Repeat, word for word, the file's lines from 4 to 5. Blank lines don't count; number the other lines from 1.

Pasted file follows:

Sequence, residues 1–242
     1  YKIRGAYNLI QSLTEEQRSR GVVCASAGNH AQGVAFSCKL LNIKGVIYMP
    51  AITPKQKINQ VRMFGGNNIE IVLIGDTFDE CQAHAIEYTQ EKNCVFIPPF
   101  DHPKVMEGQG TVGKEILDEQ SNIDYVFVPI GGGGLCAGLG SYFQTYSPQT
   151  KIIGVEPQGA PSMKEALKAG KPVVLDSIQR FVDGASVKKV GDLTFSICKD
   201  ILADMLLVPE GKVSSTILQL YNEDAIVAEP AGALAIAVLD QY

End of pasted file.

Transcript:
   101  DHPKVMEGQG TVGKEILDEQ SNIDYVFVPI GGGGLCAGLG SYFQTYSPQT
   151  KIIGVEPQGA PSMKEALKAG KPVVLDSIQR FVDGASVKKV GDLTFSICKD